• Have a sufficient deterrent effect from an economic perspective (both as regards the infringing party and other market participants); and
  • Be consistent with previous remedies in matters involving similar conduct, reflective of the culpability of the respective parties (bearing in mind their cooperation with the HKCC) and, where no precedents exist, set an appropriate standard for future similar cases.

Once proceedings reach the Tribunal, the Tribunal will have sole discretion to determine the appropriateness of a particular order in light of the specific circumstances of a case.

2. Other guidance

Cooperation and Settlement

The HKCC has confirmed that it will take into account cooperation with its investigations when determining its enforcement response.

Approaches may be made to the HKCC to settle a matter, including on a “without prejudice” basis. Offers of settlement will be subject to the HKCC’s general enforcement discretion, but may take various forms including:

  • Agreement by the HKCC not to take action against individuals who wish to provide assistance to the HKCC in their personal capacity in return for their cooperation;
  • Commitments by the infringing party not to engage in anti-competitive conduct in future and/or to offer appropriate redress to those affected by the conduct; or
  • Agreeing to the resolution of Tribunal proceedings on a consent basis, through a statement of agreed facts and by seeking specific orders.

Where the HKCC decides to apply for a penalty or other order before the Tribunal, settlement may involve the HKCC agreeing to make submissions before the Tribunal for the imposition of a reduced penalty. Where cooperation relates to cartel conduct, the HKCC will exercise its discretion bearing in mind its Leniency Policy (see further, below).

Compliance Efforts

The HKCC has also confirmed that it will take into consideration compliance efforts of persons under investigation, where it can be shown that a genuine effort to comply with the Ordinance has been made. Whilst it remains to be seen what practical impact such efforts will have in an individual case, this is a welcome statement by the HKCC. Interestingly, under its Leniency Policy, the HKCC has also made entering into a leniency agreement conditional upon an undertaking agreeing to adopt an effective corporate compliance programme to the satisfaction of the HKCC.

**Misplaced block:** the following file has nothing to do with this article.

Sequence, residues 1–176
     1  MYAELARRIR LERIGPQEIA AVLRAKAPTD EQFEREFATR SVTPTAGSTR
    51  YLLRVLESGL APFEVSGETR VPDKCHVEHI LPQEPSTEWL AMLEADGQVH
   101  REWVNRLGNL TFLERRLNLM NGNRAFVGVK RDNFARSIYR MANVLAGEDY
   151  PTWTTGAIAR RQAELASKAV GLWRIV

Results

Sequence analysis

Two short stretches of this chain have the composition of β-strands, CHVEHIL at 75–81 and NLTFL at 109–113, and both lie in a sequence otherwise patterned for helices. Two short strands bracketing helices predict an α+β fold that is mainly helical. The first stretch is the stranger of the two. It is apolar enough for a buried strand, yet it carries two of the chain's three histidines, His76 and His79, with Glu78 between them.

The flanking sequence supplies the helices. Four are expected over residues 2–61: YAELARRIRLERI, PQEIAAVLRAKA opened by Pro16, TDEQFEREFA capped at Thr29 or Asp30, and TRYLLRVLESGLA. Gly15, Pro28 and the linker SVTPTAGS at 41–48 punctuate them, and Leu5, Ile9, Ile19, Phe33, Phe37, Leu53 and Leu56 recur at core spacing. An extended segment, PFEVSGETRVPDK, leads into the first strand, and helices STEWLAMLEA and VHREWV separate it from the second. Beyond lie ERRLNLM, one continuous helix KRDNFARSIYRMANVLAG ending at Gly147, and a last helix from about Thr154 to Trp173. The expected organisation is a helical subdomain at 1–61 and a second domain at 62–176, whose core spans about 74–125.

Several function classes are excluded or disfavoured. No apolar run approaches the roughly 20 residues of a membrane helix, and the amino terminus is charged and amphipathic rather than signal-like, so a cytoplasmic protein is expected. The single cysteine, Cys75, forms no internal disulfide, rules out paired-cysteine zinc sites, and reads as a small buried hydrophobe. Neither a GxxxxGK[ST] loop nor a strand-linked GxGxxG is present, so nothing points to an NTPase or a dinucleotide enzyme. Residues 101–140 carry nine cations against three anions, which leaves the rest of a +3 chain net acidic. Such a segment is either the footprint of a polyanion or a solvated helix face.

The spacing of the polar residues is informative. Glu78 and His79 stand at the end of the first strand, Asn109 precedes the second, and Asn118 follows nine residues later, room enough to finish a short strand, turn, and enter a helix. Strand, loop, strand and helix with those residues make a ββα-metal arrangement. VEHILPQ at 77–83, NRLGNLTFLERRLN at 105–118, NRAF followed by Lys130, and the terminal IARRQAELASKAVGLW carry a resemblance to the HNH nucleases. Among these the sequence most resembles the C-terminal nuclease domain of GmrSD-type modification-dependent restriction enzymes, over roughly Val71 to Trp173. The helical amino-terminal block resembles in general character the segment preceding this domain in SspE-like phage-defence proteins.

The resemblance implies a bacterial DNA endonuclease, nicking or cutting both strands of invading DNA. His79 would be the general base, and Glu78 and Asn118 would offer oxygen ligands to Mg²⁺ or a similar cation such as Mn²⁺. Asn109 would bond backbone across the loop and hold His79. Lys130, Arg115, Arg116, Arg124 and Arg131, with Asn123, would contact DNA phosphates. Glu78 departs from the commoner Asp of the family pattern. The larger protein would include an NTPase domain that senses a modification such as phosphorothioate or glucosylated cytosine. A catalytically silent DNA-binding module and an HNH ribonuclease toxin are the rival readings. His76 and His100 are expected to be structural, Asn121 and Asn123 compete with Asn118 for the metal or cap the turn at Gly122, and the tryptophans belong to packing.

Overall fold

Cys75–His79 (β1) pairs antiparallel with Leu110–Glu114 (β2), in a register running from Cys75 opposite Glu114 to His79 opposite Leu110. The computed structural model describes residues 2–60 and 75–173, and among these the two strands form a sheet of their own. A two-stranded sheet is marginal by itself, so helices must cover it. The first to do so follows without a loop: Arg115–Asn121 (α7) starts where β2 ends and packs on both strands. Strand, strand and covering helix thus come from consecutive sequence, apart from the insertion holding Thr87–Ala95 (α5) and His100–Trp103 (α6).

3. What is not contained in the Enforcement Policy

As anticipated, the Enforcement Policy does not focus on any specific sectors of the Hong Kong economy, as the HKCC is keen to encourage compliance throughout the economy during its initial years of operation. This approach is consistent with the HKCC’s decision to publish the Enforcement Policy less than a month before full implementation of the Ordinance, reinforcing its expectation that businesses should have considered their competition compliance policy on a holistic basis, rather than focusing on individual priorities set out by the HKCC.


1. The HKCC’s approach

The fundamental position set out in the HKCC’s draft Leniency Policy is unchanged in the final version, which is perhaps unsurprising given the short timeframe between the closing of the public consultation period and the publication of this final Leniency Policy (the consultation closed on 23 October 2015). The key elements of the policy are:

  1. Hong Kong has adopted a “winner takes all” approach, whereby only the first applicant to report the cartel (and fulfil its other obligations) can benefit from leniency; and
  2. The Leniency Policy only applies to cartel conduct that contravenes the First Conduct Rule.

Under a leniency agreement, and in exchange for the successful applicant’s cooperation, the HKCC will undertake not to commence proceedings for a pecuniary penalty against the successful applicant in the Tribunal, or to bring any other proceedings before the Tribunal, save for an order under section 94 of the Ordinance declaring that the successful applicant has contravened the First Conduct Rule. Leniency will be extended to current officers and employees of the successful applicant and specifically-named former officers or employees and current and former agents of the successful applicant who cooperate with the HKCC. This does not preclude the possibility of a follow-on action against the successful applicant by persons who have suffered loss or damage as a result of the cartel.

While the Leniency Policy contains guidance on numerous aspects of the leniency process, some uncertainty remains, particularly in relation to the treatment of subsequent applicants (discussed in more detail below). Businesses should also note the consequences of providing information to the HKCC but failing to secure a leniency agreement: the HKCC has stated that, under such circumstances, it will return information to the undertaking and not use it as evidence in proceedings for a finding of contravention of the First Conduct Rule against the applicant or any other person, while at the same time reserving its ability to request the same information using its formal powers of investigation.